“Let’s go invent tomorrow instead of worrying about what happened yesterday” is a quote made famous by Microsoft founder, Bill Gates. This type of thinking, while generating billions of dollars for Mr. Gates, is misguided for today’s employer.
We speak to a number of employers on a daily basis who are attempting to keep up with innovation, without considering the technological changes that have impacted its workplace already. Employers cannot look to tomorrow without protecting itself from the problems of yesterday. Specifically, over the past two decades, the proliferation of texting and social media in the workplace has created a number of problems for employers. Should an employer monitor an employee’s social media use at the office? What about outside of the office? Should text messaging be permitted within the workplace? If problems arise, can an employer use text messages and/or social media posts to support its findings?
Social media and cell-phone usage policies are integral for employers today. Implementing these types of policies allows an employer to set the parameters of what is expected at the workplace while also providing employees with an understanding of what is expected during his or her employment. The policy should be reasonable and realistic. A policy banning texting and social media in the workplace is typically unreasonable in today’s business world. Similarly, prohibiting the usage of texting and social media in the workplace is hardly reasonable for individuals working in digital marketing and media.
Managing Texting and Social Media in The WorkplaceThe proliferation of social media and text messaging has created a number of problems for employers. Should an employer monitor an employee’s social media use at the office? What about outside of the office? Should text messaging be permitted within the workplace? If problems arise, can an employer use text messages and/or social media posts to support its findings?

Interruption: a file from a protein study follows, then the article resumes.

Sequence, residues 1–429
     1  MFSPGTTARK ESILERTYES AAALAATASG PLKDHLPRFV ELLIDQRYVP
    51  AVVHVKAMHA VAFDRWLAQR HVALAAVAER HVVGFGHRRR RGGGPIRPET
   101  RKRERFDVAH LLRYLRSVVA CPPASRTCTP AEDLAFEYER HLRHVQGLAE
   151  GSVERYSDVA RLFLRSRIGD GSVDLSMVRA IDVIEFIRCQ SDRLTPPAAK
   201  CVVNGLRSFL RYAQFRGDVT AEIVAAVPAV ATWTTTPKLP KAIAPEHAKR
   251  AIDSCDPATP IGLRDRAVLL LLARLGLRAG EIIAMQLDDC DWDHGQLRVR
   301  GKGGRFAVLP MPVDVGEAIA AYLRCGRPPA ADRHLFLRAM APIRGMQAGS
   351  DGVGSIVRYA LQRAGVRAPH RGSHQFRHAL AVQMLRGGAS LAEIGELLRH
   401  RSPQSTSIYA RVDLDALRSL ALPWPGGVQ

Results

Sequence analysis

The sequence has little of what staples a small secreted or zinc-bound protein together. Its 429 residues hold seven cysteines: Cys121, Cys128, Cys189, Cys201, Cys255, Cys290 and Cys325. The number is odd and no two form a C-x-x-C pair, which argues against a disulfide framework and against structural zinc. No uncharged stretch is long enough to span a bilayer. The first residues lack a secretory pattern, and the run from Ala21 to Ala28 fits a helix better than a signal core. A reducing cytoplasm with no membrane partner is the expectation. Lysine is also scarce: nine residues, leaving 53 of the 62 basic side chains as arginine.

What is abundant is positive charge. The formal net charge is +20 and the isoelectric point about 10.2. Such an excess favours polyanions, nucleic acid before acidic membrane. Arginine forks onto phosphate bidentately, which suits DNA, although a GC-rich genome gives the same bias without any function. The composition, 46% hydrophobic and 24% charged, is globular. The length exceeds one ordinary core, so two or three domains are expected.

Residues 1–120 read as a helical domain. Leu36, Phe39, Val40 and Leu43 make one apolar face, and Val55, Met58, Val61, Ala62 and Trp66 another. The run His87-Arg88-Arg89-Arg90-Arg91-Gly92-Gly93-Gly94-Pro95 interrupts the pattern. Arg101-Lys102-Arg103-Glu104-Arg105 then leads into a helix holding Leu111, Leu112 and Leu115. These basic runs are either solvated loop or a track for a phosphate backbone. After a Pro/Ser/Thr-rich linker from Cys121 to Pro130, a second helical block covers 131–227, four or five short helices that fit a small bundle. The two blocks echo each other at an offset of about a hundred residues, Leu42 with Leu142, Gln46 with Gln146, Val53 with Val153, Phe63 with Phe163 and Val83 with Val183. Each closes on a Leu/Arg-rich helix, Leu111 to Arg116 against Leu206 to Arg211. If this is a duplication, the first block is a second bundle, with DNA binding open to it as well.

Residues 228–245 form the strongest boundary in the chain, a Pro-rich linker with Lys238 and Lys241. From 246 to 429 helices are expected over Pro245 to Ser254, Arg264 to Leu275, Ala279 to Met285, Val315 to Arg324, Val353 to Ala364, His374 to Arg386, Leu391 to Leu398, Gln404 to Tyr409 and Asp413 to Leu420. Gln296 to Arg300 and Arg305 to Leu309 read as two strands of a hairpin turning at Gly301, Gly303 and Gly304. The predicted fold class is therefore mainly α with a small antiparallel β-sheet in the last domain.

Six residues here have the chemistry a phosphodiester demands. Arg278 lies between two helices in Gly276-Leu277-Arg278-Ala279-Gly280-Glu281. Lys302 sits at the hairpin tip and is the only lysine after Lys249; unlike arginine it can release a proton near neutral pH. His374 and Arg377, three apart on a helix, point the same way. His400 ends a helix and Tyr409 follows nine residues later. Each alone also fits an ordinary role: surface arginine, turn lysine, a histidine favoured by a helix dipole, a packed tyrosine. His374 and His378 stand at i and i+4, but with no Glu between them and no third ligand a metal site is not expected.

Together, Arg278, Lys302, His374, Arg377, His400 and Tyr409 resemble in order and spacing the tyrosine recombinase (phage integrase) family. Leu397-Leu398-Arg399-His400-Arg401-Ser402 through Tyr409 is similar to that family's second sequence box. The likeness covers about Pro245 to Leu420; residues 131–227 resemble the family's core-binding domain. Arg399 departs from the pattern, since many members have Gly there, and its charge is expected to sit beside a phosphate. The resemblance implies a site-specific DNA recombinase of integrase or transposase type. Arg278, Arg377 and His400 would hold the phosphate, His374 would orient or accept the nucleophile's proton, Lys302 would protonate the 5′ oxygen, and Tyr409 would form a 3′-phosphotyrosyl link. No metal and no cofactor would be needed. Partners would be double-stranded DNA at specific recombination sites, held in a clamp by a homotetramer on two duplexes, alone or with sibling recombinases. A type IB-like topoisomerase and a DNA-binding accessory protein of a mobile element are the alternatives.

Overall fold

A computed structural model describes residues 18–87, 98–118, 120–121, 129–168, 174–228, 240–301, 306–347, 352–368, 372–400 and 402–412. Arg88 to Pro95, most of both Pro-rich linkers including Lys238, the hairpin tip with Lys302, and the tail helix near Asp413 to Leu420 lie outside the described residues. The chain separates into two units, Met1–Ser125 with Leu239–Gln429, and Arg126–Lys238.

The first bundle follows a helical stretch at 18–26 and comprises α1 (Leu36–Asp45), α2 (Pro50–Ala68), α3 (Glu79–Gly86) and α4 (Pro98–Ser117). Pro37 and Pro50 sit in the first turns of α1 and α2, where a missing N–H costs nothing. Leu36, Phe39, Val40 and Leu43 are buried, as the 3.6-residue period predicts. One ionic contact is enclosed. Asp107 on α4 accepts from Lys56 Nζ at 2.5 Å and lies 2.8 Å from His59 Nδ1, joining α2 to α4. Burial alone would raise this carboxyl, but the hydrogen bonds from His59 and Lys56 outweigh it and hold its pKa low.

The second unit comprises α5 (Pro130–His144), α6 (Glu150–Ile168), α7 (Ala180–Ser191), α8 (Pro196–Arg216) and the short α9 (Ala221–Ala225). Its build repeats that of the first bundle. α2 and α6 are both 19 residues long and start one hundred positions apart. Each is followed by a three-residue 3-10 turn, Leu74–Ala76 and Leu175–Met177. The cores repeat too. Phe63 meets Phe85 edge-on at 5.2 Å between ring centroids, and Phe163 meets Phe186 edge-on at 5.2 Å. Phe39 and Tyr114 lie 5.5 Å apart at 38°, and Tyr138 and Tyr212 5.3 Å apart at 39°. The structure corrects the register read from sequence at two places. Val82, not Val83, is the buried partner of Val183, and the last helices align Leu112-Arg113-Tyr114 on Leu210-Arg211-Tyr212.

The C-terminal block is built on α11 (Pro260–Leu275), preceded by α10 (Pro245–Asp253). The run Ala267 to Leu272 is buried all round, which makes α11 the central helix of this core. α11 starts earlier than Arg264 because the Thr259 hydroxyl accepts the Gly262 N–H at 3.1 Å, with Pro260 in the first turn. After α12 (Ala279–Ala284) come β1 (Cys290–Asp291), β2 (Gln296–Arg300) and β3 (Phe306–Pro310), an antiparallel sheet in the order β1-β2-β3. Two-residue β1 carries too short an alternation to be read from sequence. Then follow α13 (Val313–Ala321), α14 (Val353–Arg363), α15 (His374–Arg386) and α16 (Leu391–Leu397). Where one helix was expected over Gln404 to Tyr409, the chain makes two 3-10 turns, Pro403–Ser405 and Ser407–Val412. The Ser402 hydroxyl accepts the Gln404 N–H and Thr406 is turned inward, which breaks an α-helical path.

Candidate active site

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An employer should assess its workplace and set reasonable limits on texting and social media usage (i.e. during breaks and lunch) so as to ensure that employees are not being distracted from the business of the company. Employers need to determine whether an employee’s private actions have a bearing on its operations. If so, an employee’s after-hours texting and/or social media usage can be appropriately subject to discipline.
In addition to a texting and social media policy, an employer should also prepare a discipline policy setting out the various steps of discipline that an employee will be subject to should they violate the employer’s various policies. Having a policy is insufficient. An employer must monitor and enforce its policies. Texting and social media usage in the workplace is a growing concern in every industry and there is no blanket answer that resolves every issue. Employers require a texting and social media policy specific to their company. Similarly, employees need to understand whether these policies are unreasonable.
With years of experience in this ever-changing area of law, we at Whitten & Lublin are happy to provide insight and advice into your specific circumstances. If you’re looking for employment lawyers and would like more information about what Whitten & Lublin can do for you, please contact us online or by phone at (416) 640-2667 today.